I've managed to grab a few hours sleep. It's been a remarkable 24 hours, with the ramifications of the poll result country-wide still being played out in Westminster. But what about here in Darlington? As Chris Lloyd notes on his excellent Echo blog, all three candidates from the major parties seemed positive after the result last night. And here's why.
There were some grim predictions from colleagues about the size of Jenny's likely majority - I had a £1 on 2,780 in Tom Nutt's sweepstake, and wasn't a million miles away.
10 days ago, I was even gloomier (though I always tend to see "the glass half-full" at election time), but in the last few days there were tangible signs of the Labour vote firming up appreciably. In football-speak, a win's a win, but in this election, with a new candidate and a very difficult national backdrop, a majority of over 3,000 is a good result in what has always been a marginal seat.
Moreover, Jenny was an extremely strong campaigner, and I was genuinely surprised just how many people she had helped who I came across in my own patch, given her relative youth and short time on the Council. It made campaigning for Labour so much easier - for all the sneering from some opposition circles that Labour overplayed the "local" nature of our candidate, in fact it really did make a difference on the doorstep.
Finally, we can be confident that Jenny's impressive start will continue as she gets to work, which will help continue to re-energise Labour in the town. It was a very happy post-count party afterwards for Labour supporters.
I spent quite a bit of the last couple of years mocking the Tories and their candidate on this blog for the torpor of their campaign. And in truth they squandered the advantage they had with a candidate in the field, especially in the hiatus for Labour after Alan Milburn stood down. I also wonder whether had they not selected so early (for example after rather than before the expenses scandal broke) they might have looked harder for someone local to contest the seat. Up against 2 councillors with impeccable Darlington credentials, Edward was always at a disadvantage and that told on the doorstep.
There was ample evidence in the last few weeks, however, that the Conservatives and their candidate Edward Legard got into their stride. Edward is to be commended for finally pushing the local Tories out of their West End "comfort zone" and into Labour's territory, perhaps for the first time in 15 years. From what I hear, they were pleasantly surprised by the reception they received.
Until February, I wondered whether any Tory constituency organisation would look at Edward again, given the hopelessly complacent nature of the Tory effort to date. Having seen him now at the Darlington Churches Debate and after the Declaration, I think he's grwon appreciably as an aspiring politician. Whether he sticks around to fight Darlington again (as Tory activists were speculating afterwards) remains to be seen - somehow I doubt it.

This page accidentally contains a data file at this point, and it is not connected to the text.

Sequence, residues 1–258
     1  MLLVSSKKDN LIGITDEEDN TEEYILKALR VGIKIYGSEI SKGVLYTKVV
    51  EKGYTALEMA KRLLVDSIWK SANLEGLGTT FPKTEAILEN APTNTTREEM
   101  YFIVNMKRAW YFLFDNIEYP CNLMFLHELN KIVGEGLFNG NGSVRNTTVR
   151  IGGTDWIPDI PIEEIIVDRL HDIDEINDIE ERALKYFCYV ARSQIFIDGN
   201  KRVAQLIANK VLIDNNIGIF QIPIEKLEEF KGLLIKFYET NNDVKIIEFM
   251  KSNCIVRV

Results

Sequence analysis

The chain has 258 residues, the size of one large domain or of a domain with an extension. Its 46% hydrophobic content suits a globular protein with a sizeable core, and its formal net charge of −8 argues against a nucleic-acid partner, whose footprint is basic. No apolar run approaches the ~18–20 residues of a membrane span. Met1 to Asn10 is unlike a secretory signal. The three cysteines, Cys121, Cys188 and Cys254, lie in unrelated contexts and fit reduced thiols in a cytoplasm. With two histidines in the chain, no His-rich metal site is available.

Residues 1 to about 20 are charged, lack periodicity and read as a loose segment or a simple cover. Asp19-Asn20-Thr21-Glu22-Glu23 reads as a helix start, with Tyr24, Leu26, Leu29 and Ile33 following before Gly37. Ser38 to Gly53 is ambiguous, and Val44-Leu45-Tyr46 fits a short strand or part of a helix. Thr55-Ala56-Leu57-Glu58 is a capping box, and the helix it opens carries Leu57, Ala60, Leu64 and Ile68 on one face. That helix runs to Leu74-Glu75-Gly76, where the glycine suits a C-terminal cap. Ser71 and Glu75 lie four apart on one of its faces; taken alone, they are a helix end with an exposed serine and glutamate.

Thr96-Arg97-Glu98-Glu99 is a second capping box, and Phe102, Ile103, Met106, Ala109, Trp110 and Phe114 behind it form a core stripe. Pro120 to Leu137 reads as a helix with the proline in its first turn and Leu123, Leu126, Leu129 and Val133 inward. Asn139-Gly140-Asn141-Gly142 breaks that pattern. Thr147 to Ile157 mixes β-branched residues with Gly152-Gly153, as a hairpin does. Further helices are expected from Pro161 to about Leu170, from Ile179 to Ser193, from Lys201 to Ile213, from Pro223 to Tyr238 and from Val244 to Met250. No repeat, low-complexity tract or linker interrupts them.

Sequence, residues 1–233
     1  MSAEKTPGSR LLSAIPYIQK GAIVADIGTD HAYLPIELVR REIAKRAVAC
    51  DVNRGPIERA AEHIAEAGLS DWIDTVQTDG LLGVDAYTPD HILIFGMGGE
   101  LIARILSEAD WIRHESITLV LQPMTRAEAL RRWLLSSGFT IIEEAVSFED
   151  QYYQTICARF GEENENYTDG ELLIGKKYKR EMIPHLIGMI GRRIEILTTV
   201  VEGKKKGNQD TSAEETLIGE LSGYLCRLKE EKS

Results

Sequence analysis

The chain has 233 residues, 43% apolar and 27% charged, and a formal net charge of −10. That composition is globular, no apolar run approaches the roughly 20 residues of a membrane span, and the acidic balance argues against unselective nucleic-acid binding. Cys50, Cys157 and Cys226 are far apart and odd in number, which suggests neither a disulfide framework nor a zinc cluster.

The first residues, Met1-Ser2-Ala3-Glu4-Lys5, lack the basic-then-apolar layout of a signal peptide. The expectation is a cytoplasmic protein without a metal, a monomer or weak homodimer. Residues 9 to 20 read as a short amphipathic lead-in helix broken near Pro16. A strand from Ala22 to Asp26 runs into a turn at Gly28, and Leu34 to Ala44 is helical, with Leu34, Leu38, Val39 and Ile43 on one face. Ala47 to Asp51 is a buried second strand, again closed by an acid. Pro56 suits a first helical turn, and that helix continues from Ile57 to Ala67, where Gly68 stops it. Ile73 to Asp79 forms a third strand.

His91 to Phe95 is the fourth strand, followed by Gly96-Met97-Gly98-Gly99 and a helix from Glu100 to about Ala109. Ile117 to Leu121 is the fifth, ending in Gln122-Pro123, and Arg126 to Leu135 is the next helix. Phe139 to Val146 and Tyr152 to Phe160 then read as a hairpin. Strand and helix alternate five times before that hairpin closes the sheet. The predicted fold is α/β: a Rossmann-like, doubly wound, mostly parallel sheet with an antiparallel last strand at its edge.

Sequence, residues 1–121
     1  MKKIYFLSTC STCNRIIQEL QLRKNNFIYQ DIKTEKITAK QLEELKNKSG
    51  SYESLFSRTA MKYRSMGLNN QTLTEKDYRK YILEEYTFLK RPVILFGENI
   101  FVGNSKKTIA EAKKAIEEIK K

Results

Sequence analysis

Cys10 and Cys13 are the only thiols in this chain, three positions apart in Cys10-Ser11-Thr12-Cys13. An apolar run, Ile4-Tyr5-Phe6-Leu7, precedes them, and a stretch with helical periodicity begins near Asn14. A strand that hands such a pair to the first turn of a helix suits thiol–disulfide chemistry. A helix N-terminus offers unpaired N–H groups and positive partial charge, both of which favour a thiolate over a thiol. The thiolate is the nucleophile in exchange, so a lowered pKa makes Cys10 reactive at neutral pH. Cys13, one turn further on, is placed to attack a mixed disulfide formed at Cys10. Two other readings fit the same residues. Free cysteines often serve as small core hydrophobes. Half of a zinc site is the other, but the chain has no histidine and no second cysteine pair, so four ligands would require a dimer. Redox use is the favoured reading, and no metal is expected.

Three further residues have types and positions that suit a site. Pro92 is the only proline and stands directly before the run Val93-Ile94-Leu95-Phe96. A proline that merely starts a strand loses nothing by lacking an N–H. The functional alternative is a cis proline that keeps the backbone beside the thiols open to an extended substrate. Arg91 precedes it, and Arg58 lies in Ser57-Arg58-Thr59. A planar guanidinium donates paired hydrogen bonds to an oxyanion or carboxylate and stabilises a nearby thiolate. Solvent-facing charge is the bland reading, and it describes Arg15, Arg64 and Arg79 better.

Mike Barker fought a typically feisty, insurrectionist campaign which played to his and his party's strengths. The LibDem vote wasn't squeezed as happened elsewhere in the North East, despite the clear evidence that Darlington is returning to its traditional role as a key Labour/Tory marginal. He is easily the most impressive thinker and campaigner in the local LibDem ranks - without him they'd return to being an irrelevance hereabouts.
It was a shame then that Mike spoilt the positive aura he'd built-up (in my opinion anyway) by bunking off to Durham City on polling day. For me, if you tell voters that your party has a real chance of victory, and that voting LibDem is not a "wasted vote", you have to spend the rest of the campaign behaving if that's true, even if the majority of your local supporters (understandably) are ordered away to the likes of Durham City. I thought Mike let down those people who believed him and did vote LibDem on the day. If they'd been aware that in fact the LibDems knew they never had a prayer here (as I and others pointed out) the LibDem vote would have been far smaller.
A brief mention for the BNP, if only because they were completely marginalised here. Unlike the European elections, almost nobody mentioned them on the doorstep to me - I don't think I saw a single BNP activist at the count for the first time ever. After the catastrophic result in Barking for Griffin (where they also lost all 15 of their council seats too - a great result), and beset by factional strife, they are truly on the way out. Fantastic news about the ugliest party of my generation.
Mike has come on to comment that he was only in Durham for the last couple of hours of polling day apparently. I'm happy to clear that one up.